There are also countless art exhibitions, historical statues, quirky installations and many more across the city that you can discover.
- There are parks to enjoy in almost every neighbourhood
While London is a metropolis filled with tall buildings and lots of neighbourhoods, it actually an incredible green capital city.
The biggest and most well-known parks are what are called “Royal Parks”. They were large areas of land that were used by the royal family for hunting, and recreation, that are now open to the public. They are beautifully cared for, so you will be sure to find anything from stunning blooms, & children’s playgrounds to swimming ponds and even a national zoo!
Check out my previous video that shares the top neighbourhoods to be near parks – https://youtu.be/BV8nJiPG2W4 or my video that shows the top 5 parks in London – https://youtu.be/JvTS75sYX0Q
- Know the different legal parts for investing or renting in London
As a buying agent for many expats looking to move to London, I often get surprised responses when we discuss the different legalities of purchasing a home in England. There are some fees you may not know about such as Stamp Duty, sinking funds, and service charges. The process is also very different to that of the US and other countries – for example, it is not legally binding when you make an offer to go through with the whole process and actually, one in three sales fall through in the UK, which can be incredibly tough for both sides.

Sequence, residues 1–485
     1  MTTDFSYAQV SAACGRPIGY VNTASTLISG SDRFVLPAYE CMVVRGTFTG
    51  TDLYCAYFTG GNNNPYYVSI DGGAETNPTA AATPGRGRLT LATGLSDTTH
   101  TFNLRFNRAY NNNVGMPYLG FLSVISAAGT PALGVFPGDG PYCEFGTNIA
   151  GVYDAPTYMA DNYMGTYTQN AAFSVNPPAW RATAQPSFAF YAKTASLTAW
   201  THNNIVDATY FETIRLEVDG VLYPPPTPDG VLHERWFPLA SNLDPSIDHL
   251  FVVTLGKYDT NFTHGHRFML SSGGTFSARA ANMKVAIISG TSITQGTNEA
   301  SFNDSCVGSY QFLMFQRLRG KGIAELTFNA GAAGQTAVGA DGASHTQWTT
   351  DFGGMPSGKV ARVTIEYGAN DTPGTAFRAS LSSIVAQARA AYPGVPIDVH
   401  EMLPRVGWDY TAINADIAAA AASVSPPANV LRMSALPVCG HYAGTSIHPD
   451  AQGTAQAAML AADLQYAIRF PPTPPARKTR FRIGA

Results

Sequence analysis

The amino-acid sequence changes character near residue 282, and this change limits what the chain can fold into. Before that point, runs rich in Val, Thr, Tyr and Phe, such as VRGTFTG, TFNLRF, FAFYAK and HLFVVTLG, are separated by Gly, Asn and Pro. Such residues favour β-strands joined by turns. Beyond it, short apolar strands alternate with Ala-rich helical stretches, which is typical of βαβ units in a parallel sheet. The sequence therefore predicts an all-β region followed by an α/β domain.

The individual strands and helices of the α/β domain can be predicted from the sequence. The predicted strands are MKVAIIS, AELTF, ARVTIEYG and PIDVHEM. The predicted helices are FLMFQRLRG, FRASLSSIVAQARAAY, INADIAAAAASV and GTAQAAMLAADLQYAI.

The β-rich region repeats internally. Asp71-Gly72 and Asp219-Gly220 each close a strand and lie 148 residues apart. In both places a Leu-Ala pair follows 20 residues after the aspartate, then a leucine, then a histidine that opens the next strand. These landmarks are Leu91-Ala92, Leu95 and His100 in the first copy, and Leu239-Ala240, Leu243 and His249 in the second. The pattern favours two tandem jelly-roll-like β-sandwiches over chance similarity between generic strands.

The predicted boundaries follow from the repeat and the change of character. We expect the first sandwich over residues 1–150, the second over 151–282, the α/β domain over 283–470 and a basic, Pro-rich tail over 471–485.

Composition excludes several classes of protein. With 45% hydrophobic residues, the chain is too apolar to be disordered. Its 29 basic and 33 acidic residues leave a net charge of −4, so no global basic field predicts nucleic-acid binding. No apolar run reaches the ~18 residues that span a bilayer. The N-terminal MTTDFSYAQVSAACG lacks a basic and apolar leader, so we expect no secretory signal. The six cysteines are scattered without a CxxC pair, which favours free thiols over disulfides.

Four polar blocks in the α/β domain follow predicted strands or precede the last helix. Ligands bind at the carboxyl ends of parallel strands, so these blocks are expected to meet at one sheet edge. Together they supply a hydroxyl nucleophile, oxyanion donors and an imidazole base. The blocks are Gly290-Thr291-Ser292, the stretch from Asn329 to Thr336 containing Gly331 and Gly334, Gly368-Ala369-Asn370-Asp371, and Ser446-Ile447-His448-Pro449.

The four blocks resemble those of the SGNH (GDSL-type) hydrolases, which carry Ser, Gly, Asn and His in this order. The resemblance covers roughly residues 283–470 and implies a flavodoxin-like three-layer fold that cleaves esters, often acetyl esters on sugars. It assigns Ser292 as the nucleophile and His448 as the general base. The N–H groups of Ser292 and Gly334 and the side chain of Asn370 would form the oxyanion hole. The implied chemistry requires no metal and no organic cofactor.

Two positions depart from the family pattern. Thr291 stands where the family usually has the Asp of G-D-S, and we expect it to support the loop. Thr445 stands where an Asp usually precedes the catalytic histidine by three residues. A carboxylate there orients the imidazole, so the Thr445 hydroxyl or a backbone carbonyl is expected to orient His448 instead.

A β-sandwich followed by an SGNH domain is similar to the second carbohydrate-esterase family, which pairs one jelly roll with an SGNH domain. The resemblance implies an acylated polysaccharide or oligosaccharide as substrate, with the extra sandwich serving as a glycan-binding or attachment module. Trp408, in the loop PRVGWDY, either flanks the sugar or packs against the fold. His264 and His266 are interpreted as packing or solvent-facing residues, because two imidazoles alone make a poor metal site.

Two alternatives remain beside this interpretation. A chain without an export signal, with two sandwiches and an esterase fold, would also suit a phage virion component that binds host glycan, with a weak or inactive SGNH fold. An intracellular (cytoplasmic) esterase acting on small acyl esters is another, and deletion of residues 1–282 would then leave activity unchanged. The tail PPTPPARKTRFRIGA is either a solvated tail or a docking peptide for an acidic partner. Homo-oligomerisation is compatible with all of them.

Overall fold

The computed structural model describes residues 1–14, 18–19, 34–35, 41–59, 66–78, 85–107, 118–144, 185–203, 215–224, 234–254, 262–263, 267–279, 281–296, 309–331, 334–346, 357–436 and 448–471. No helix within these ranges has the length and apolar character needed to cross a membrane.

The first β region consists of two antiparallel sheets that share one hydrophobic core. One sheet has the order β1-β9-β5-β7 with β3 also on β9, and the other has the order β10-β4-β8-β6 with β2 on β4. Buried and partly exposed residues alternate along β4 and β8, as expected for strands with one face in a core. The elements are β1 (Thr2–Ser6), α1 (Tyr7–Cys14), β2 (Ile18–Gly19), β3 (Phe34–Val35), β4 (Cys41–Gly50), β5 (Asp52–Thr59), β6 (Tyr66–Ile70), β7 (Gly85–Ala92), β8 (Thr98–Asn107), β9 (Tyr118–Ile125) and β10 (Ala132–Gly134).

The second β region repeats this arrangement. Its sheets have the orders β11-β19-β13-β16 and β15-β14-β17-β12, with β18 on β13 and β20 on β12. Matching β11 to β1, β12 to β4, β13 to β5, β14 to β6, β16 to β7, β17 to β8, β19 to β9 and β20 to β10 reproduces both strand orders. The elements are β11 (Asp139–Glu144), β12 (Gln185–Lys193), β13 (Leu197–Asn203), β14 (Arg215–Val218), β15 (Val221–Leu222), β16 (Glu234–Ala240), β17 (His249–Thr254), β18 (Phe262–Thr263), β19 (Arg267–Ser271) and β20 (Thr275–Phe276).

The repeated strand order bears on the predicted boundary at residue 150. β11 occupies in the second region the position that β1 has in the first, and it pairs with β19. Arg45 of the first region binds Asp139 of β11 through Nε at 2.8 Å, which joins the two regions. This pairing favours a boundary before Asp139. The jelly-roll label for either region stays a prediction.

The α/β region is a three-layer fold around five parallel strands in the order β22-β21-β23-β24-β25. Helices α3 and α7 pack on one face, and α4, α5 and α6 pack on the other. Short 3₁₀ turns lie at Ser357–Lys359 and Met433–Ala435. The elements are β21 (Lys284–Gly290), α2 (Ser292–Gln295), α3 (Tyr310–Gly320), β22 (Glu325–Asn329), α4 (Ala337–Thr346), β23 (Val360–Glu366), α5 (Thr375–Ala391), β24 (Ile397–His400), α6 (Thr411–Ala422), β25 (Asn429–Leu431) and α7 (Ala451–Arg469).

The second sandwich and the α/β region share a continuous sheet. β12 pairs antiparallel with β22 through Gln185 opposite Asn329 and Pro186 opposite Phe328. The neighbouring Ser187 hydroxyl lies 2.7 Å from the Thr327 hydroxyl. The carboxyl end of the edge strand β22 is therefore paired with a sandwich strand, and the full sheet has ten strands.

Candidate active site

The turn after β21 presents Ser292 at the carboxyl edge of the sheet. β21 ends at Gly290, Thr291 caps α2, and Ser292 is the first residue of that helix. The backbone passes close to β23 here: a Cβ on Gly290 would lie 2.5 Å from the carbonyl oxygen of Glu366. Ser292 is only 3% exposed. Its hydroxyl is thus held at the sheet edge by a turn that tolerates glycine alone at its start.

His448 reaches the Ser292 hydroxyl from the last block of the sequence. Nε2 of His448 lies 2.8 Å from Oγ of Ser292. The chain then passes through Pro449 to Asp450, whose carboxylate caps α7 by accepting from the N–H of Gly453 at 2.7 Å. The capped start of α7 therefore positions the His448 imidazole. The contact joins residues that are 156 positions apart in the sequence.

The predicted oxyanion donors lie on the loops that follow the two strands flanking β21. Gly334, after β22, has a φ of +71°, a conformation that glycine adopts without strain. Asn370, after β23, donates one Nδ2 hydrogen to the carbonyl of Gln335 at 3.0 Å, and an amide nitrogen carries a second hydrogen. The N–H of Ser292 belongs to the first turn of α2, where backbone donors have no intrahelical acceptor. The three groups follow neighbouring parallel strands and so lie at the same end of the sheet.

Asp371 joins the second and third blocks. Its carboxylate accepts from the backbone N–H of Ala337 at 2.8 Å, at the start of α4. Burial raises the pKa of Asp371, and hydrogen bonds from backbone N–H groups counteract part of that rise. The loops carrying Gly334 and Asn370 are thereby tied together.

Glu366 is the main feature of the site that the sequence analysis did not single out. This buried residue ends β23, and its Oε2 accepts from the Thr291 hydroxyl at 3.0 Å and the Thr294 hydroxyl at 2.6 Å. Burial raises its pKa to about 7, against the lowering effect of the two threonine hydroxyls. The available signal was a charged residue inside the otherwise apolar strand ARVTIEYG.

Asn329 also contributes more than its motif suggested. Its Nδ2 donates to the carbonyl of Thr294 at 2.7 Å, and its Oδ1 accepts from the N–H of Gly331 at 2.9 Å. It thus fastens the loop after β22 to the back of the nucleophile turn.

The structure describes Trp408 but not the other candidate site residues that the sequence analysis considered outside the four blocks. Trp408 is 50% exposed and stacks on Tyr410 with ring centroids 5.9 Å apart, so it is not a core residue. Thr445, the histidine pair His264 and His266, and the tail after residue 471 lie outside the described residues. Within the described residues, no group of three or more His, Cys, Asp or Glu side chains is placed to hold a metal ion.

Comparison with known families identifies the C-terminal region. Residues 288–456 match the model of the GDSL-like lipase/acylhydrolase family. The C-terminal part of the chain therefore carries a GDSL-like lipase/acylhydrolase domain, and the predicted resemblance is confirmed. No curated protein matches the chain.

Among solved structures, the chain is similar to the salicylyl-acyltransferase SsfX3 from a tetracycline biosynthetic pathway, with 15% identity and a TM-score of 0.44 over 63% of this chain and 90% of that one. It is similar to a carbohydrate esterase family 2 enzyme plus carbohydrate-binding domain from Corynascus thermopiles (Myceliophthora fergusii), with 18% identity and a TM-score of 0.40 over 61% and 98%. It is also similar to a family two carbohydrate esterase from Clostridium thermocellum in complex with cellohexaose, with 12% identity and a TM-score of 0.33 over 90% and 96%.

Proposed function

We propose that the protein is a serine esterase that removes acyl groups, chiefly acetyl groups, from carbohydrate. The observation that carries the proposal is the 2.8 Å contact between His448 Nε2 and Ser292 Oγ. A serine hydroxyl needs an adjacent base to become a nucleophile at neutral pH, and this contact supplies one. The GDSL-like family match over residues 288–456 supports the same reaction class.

You may also be unaware of the difference between freehold and leasehold properties when buying – this is why you might want to check out this video to help you better understand what these mean if you are looking to invest in real estate in the UK.
There are also additional bills you may need to pay when buying or renting a property – from council tax bands and water bills, to TV licensing, I highly recommend creating a budget that factors all this in. If you have any questions about the buying process, please reach out or you can even leave me a message in the comments.
- Make connections in different ways
London can feel lonely for some, but that doesn’t have to be the case. Whether you make new connections through the local pubs and bars, or find social clubs, membership organisations, or places to discover a new hobby. I recommend checking for local expat groups that may be a good way to connect with those in the same situation as you, as well as searching for those regular events that happen in London that will enable some group interactions. I recently joined a private members club which is a great way to meet other people. Some are oriented around industries such as media or finance. If you want to find out more, you can check out this video.
Search for your hobby and you will be surprised by how many events are going on at any time. There are also events happening regularly in the city, so search on websites like Visit London, Timeout, eventbrite or sign up to my newsletter for a monthly guide to things to do for the month ahead!
So, these are just 5 of the things in London that I didn’t originally know about before moving here. I hope you found them insightful and interesting! If you live in London, what has been most surprising to you?